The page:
One of India's entertainment old guards, Shemaroo, has launched its own video streaming service app ShemarooMe, for Android, iOS, and the Web. It will feature Hindi, Gujarati, Punjabi, devotional and kids content from Shemaroo's extensive library, which is around 3,500 titles. About 2,000 film titles and 1,000 hours of non-film content are already available. ShemarooMe will operate on a 'freemium' model; while some content will be available to everyone for free, the rest of it will require a subscription. Shemaroo is taking a two-tiered approach to the latter: users can buy individual categories such as Bollywood or Punjabi for Rs. 49 per month or Rs. 499 per year, or get full access for Rs. 129 per month or Rs. 999 per year.
Having announced its intentions to foray into the streaming space late last year, Shemaroo lifted the lid off ShemarooMe at an event in Mumbai on Wednesday. The app boasts of Bollywood classics such as Mughal-e-Azam, Jaane Bhi Do Yaaro, Anand, Mother India, Devdas, Golmaal, Awara, Sangam, Amar Akbar Anthony, Mera Naam Joker, Disco Dancer, and Ram Teri Ganga Maili alongside (relatively) newer films such as Jab We Met, Hunterrr, Ankhon Dekhi, Vodka Diaries, Dhamaal, Ajab Prem Ki Ghazab Kahani, and Dedh Ishqiya.
Shemaroo is also offering original shows under its Bollywood section. But unlike scripted fare that is being pushed by the likes of Netflix, Amazon Prime Video, ALTBalaji, and Eros Now among others, the originals on ShemarooMe are meant to complement its Bollywood offerings. Think of them as extras you get on DVDs and Blu-rays, but a much extended version of that.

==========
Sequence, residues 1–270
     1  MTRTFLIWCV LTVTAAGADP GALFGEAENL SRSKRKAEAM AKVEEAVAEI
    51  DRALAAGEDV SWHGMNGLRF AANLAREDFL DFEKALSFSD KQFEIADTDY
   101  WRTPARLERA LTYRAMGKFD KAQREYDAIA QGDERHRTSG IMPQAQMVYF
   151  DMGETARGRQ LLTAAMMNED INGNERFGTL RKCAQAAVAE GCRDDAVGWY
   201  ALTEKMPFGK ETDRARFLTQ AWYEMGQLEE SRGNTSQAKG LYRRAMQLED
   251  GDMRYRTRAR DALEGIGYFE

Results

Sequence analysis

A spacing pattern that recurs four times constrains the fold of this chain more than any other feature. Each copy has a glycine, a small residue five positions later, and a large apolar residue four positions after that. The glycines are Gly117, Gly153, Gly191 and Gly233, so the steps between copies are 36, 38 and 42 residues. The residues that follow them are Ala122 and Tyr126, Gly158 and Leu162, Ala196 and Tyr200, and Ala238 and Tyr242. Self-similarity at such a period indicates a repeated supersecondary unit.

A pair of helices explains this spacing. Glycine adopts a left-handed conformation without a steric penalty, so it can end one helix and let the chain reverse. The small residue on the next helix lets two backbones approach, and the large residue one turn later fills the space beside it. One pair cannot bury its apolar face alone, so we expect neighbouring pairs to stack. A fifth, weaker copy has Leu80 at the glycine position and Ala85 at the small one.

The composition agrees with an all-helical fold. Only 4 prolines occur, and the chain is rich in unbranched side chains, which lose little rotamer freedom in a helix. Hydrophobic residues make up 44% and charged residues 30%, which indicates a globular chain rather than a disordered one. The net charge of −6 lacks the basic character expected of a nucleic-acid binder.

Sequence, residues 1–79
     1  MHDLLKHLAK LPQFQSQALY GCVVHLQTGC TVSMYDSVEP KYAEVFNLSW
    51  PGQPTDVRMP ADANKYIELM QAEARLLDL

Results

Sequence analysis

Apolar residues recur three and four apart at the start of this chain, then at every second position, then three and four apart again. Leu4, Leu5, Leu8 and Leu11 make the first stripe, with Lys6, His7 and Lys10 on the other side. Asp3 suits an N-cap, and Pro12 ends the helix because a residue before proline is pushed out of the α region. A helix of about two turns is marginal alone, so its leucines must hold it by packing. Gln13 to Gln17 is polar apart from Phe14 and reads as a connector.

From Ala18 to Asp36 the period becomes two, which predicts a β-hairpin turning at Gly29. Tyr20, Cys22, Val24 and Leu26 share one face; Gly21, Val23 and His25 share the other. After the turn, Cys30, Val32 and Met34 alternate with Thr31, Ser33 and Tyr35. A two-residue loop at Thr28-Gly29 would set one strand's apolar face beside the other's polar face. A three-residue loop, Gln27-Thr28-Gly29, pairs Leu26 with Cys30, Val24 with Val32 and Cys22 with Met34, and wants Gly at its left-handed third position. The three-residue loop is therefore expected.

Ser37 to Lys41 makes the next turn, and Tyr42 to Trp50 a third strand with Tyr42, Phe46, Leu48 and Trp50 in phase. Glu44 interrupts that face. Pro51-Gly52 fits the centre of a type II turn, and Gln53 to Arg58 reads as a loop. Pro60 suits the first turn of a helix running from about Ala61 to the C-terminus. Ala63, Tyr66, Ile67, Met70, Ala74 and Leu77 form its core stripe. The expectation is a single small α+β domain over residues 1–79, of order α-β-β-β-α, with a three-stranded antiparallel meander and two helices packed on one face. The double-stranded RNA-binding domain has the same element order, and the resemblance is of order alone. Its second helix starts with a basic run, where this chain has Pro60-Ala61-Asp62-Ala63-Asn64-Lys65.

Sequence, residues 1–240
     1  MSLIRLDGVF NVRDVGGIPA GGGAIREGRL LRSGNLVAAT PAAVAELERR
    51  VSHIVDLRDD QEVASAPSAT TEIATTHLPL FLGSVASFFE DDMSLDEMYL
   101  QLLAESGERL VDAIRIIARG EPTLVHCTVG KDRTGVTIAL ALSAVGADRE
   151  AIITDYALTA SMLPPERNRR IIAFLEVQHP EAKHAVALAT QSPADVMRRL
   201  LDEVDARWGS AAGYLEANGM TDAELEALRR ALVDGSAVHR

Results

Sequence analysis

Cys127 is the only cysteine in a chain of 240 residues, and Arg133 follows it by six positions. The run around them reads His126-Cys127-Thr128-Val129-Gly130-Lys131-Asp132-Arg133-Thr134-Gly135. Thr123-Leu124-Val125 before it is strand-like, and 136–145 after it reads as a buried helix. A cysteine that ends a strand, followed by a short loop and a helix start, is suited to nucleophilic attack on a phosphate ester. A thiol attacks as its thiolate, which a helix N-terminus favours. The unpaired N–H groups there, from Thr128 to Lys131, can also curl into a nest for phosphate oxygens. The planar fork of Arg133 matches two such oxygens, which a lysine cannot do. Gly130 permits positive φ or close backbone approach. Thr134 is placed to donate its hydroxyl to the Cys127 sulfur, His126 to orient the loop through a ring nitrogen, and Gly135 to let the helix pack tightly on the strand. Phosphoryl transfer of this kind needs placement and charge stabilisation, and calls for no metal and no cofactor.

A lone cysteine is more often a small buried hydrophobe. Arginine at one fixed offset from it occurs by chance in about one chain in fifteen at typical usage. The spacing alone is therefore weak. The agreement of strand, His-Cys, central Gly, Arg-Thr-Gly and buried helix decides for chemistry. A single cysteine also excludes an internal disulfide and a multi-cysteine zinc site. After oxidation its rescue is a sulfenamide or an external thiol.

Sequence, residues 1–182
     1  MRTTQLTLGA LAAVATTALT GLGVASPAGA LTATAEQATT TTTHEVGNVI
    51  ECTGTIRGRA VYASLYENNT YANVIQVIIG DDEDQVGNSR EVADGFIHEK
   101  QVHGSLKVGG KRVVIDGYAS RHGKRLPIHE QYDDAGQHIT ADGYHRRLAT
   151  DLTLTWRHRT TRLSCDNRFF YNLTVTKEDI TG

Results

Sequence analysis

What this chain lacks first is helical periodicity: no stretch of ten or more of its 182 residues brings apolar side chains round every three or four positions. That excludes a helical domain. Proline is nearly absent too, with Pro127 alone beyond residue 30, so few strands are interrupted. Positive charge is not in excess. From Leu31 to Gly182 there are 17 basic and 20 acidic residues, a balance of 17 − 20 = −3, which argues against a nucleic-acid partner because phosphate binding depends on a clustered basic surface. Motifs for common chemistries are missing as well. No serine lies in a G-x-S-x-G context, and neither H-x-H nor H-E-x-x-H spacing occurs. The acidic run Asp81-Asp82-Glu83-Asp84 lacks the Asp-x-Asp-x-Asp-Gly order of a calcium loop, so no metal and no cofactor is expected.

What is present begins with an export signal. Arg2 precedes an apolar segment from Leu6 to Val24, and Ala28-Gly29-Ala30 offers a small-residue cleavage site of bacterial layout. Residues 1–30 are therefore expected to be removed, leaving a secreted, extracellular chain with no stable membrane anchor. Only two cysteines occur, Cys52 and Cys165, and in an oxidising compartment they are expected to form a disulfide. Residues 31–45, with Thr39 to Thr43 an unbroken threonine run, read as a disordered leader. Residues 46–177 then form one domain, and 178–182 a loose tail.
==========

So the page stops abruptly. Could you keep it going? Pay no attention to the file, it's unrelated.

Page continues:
There's a devotional section which will feature content live streamed from religious locations such as shrines. For children, ShemarooMe claims to have more than 150 hours of content.
Being one of the leading film distributors in India, Shemaroo is clearly banking on its extensive collection — a large part of it historical — as it enters the digital era. ShemarooMe is the natural next step in India's streaming wars, wherein the big Indian media companies stake a claim of the online entertainment pie. The likes of Eros and Zee are already here — with Eros Now and ZEE5 respectively — and more are expected to follow.
This has naturally been bad for consumers, especially when these companies — as with Eros Now — decide to keep a portion of their libraries exclusive to their own streaming services. At the event on Wednesday, Shemaroo CEO Hiren Gada told Gadgets 360 that it would take a "multi-pronged" approach, in that it will continue to partner with other streaming services to distribute its content, even as it tries to lure users to ShemarooMe. Gada said their understanding of the Indian audience and the curation — which has worked well for Shemaroo on YouTube, citing a monthly audience of 90 million — are its real strengths.
Apps for TV are currently in development, Gada added later. A single ShemarooMe user can simultaneously watch on "multiple devices", according to Gada.